The record supports the conclusion that the ICC will and does entertain such protests. Since the inception of the rules on review here (June 25, 1984), one protest for an independently filed motor carrier rate increase has been filed. The Columbian Storage and Transfer Co. filed Supplement 86 to its Tariff MWB 125-J, Item 750-85-1, increasing delivery charges by $15.00 per shipment. The tariff was filed on August 10, 1984, effective August 21, 1984--seven working days' notice. This rate increase by an independent motor carrier was protested by the National School Supply and Equipment Association, and, in Suspension Case No. 71194, the ICC's Suspension Board declined to suspend the proposed rate. The Board acted on August 20, 1984, one day before the rate was to go into effect. Thus, the ICC was able to exercise its discretion fully and decline to suspend the rate. We hold that the suspension process was not abdicated.


2. The Preclusion of Suspension of Independently-Filed Rate Reductions is Entirely Rational and in Accordance with the Law


Petitioners contend that the ICC's rules are unlawful because Congress gave the agency discretion to suspend rates, but the agency indicated that in rate reduction cases the effect of the one-day notice would be to preclude suspension. Thus, petitioners argue that the Commission has thrown away its principal tool (the suspension process) for the discharge of its duty to see that rates are just and reasonable.


It is an established rule that an agency must be given substantial latitude in determining how to implement a statutory mandate. As long as an agency's procedures are reasonably designed to permit the agency to "discharge [its] multitudinous duties," a court should not interfere. Vermont Yankee Nuclear Power Corp. v. NRDC, 435 U.S. 519, 543-46, 98 S.Ct. 1197, 1211-13, 55 L.Ed.2d 460 (1978). There is no statutory directive to use the suspension process, rather than the complaint process, to determine whether trucking rates are below a minimum reasonable level, cf. Southern Railway v. ICC, 681 F.2d 29, 35 (D.C.Cir.1982). Accordingly, the effect of the ICC's rules clearly were not contrary to and were in furtherance of the statutory design.3 See Trans Alaska Pipeline Rates Cases, 436 U.S. 631, 653, 98 S.Ct. 2053, 2066, 56 L.Ed.2d 591 (1977); cf. Nader, 657 F.2d at 458 ("It therefore follows that the Board, retaining discretion not to suspend fares falling outside the statutory zone, could announce a policy of limited risk of suspension....") (emphasis in original); accord, Advanced Micro Devices v. CAB, 742 F.2d 1520 (D.C.Cir.1984).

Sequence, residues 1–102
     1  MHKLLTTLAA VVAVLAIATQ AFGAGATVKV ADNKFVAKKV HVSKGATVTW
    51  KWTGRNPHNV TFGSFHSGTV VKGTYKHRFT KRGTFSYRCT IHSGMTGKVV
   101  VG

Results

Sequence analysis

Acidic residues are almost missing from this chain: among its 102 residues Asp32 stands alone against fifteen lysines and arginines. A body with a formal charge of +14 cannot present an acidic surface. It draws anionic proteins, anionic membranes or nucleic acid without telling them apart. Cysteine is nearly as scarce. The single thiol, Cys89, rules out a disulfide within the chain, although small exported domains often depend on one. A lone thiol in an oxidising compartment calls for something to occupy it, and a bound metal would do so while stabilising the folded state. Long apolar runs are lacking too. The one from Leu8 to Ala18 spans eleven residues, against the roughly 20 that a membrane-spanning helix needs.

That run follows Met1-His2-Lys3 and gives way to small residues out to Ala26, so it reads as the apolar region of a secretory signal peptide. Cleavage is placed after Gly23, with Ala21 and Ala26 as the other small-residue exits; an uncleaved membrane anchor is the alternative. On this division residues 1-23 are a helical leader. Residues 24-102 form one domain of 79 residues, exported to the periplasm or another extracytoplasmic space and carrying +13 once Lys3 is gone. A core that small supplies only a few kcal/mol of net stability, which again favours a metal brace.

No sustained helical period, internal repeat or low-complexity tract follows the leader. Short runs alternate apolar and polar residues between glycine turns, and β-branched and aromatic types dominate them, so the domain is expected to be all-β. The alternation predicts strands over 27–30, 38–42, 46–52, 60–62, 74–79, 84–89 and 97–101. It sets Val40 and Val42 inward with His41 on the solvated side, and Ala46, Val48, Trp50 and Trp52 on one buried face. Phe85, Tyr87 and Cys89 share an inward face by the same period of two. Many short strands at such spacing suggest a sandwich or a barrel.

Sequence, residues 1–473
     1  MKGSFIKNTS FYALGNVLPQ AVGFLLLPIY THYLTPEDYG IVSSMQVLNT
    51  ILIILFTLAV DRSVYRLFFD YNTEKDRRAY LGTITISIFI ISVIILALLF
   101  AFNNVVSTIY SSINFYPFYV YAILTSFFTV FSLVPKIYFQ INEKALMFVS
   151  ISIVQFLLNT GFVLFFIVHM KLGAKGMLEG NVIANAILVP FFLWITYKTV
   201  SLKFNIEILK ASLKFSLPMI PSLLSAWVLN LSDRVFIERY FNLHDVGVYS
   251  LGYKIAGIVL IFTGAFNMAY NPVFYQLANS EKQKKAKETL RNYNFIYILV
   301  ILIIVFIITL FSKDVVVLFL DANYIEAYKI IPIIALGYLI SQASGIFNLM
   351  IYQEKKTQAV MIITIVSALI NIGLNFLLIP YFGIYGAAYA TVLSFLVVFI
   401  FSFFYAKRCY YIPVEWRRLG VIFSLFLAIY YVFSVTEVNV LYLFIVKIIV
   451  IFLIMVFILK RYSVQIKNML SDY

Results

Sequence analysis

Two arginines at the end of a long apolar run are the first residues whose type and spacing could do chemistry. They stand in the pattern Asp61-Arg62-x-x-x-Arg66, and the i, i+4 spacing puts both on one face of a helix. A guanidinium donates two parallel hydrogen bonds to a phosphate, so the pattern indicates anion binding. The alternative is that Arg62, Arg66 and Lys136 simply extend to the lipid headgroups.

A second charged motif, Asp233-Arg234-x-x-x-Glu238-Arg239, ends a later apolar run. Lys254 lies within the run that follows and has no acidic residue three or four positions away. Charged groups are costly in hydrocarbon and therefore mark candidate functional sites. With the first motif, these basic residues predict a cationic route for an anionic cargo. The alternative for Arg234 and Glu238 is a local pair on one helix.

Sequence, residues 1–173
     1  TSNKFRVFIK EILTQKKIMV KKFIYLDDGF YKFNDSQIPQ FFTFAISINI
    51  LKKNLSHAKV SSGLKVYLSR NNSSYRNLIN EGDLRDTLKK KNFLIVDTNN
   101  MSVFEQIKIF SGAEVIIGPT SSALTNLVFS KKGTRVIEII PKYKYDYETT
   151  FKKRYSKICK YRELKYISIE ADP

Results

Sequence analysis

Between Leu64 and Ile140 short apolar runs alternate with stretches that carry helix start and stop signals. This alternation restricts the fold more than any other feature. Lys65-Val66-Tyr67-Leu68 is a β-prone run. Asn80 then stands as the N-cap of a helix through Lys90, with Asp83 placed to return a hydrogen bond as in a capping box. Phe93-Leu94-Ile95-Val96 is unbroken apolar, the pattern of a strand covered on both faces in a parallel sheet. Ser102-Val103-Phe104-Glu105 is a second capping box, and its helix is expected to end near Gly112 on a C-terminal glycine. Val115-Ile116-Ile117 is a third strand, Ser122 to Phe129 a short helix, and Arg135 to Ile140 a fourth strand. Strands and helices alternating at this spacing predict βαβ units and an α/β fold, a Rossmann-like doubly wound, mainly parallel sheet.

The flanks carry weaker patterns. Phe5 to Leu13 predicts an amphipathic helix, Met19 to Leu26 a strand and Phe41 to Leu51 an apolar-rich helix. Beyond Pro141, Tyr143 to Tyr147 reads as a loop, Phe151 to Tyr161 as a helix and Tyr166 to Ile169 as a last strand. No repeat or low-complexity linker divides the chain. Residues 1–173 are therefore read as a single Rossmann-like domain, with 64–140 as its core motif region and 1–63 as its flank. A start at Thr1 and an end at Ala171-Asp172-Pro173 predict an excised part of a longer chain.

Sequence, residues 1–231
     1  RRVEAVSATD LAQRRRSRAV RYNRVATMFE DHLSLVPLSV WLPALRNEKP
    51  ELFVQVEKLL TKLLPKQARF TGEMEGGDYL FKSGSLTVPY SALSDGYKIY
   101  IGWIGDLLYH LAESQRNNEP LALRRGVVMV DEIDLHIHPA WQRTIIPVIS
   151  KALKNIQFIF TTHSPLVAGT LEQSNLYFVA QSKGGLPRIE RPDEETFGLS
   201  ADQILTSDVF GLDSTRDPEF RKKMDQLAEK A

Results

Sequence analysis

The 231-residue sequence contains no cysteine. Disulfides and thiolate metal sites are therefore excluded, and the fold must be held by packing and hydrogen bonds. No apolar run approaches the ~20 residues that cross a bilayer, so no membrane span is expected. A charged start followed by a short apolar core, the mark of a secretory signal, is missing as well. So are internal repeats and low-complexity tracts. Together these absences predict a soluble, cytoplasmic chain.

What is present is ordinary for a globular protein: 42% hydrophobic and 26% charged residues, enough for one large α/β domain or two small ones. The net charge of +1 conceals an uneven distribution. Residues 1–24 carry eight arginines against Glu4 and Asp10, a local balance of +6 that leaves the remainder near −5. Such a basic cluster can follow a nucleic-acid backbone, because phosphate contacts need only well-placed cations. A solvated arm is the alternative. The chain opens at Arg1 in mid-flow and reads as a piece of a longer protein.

In its notice of proposed rules and in its final rules, the ICC explained that


it is unlikely that any motor carrier rate reduction could be successfully challenged prior to its effective date on the grounds that it results in an unreasonably low rate. Predation is a highly improbable, if not impossible, pricing strategy in view of the competitive posture of the motor carrier industry. Discrimination may be unlawful but, like predation, unreasonable discrimination is almost impossible to prove before the rates actually become effective.

The ICC continued:


[t]he benefits of reduced notice periods for independent rate filings should not be withheld because of a speculative concern for problems with a very few filings, which in any event can be better dealt with in the ex post complaint process than by protest.


See, e.g., NPR.


The ICC has indicated that it will wait until the rates have gone into effect and, upon complaint by an affected party, will consider the challenge to those rates. We find this approach to regulation of independent motor carrier rates is rational and consistent with the Interstate Commerce Act and the 1980 Motor Carrier Act.